At one point I decided I wanted a Citabria. I was given a heads up on an "awesome" airplane at an airport only a hundred miles away. Before going there I figured I had better get some basic info on the airplane so I phoned the owner. The first question was "how much time on the engine ? "
The answer "how much time do you want the logs to show ? ".......

Needless to say that was the end of that conversation. Long story short, I never did find a nice Citabria anywhere near my home field, but did get convinced to buy into a Tripacer on floats with another guy........from the frying pan into the fire :(

Posted by: DAVID GAGLIARDI | April 18, 2018 9:06 PM    Report this comment

Another truly great article by one of the best aviation authors there is. Thank you, AVWeb.

Posted by: Dave Sanderson | April 18, 2018 10:07 PM    Report this comment

Early on in my aviation avocation, I determined that if I was going to own airplanes I'd have to get certificated as an A&P. So I did that the hard way ... by working my way up the food chain at a large USAF Aero Club. This was one of the smartest moves I've made ... not only for the obvious reasons of saving money on maintenance but also for knowing every subtle nuance of the condition and idiosyncrasies of my airplanes. I get better maintenance and I never have to wonder what's been done. In fact, I spend far more time working on my machines than flying them. But MY labor costs are zero so ... doesn't matter. I only pay for parts and outside maintenance ... IF required. Of course, I have to find an IA who will work with me but SO far, that's been no problem in over 40 years.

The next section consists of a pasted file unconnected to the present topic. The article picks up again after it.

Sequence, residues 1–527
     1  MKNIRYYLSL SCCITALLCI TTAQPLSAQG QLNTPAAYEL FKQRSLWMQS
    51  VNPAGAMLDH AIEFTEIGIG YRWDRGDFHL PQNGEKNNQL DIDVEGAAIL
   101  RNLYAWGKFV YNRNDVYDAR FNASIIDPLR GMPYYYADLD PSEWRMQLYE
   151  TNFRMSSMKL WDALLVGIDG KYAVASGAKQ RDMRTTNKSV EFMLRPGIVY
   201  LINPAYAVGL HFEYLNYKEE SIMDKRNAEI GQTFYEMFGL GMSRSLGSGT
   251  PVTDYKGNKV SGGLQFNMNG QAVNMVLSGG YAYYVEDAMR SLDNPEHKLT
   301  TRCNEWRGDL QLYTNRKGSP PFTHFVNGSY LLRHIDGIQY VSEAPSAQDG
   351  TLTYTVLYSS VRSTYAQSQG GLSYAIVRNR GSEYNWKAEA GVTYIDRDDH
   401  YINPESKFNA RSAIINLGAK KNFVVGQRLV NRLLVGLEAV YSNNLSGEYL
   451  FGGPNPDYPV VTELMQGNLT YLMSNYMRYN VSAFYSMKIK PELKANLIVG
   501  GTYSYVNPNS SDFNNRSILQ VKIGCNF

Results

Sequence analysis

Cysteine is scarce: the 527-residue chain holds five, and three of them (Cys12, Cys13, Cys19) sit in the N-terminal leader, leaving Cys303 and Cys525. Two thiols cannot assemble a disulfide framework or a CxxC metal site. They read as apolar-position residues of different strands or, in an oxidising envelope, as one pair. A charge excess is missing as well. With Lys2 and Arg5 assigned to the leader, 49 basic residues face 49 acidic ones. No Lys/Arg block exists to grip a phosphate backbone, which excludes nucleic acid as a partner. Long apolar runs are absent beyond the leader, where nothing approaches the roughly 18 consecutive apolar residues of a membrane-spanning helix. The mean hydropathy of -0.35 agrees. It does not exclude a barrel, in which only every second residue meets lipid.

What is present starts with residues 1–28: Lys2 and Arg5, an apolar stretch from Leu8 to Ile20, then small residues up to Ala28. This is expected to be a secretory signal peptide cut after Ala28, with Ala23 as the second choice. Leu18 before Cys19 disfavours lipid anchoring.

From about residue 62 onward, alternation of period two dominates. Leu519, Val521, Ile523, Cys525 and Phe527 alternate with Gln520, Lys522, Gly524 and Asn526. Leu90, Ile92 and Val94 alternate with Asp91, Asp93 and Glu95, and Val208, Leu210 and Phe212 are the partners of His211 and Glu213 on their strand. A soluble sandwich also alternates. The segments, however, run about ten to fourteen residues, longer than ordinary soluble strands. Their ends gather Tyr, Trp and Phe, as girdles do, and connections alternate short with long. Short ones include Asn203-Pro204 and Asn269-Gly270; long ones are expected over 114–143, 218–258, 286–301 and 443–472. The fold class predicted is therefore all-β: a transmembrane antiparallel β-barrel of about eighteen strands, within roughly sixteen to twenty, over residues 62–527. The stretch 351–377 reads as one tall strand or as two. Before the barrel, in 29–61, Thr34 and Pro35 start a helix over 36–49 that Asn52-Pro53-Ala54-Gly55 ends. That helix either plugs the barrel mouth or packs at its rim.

It befuddles me how pilots who own simple GA airplanes usually shy away from getting involved in maintenance. Most owners are savvy enough to know there's no such thing as a left handed screw driver set and could be coached into active involvement in their airplane's maintenance regimen. Even if they only did cosmetic cleanup ... their machines would be better off. And there is a list of items pilot/owners are allowed to accomplish legally. Every pilot ought to get familiar with that list and what's involved with the attendant record keeping. I recently attended a FAA Safety Team presentation on that very subject. SOME A&P's frown on this but if yours is like this ... find another one. Frankly, taking panels off of an airplane and some of the mundane tasks involved in prepping for an inspection are real drudgery for most mechanics. And why pay someone big $$ for something you can do yourself?

Finally, the newest 'shortage' du jour is A&P's. As time moves forward and the existing cadre retires, this is going to become a problem. One of my pet peeves -- BIG TIME -- is over how the FAA handled the FAR Part 23 rewrite. About 50 people from every alphabet soup organization around worked for over five years preparing a 326 page Aviation Rulemaking Committee report on that subject. One tenet of it was to institute a new category of airworthiness -- Primary -- where A&P's could do condition inspections on Class I airplanes ... much like E-AB and LSA airplanes do now. It never made it into the final rewrite. In effect, the FAA helped new airplane production but did nothing for the tens of thousands of older airplanes ... such as those described here.

However it is, it behooves owners to get more chummy with their machines. There should be no reason for a loose gascolator bowl without safety wire to ever be seen.

Posted by: Larry Stencel | April 19, 2018 4:46 AM    Report this comment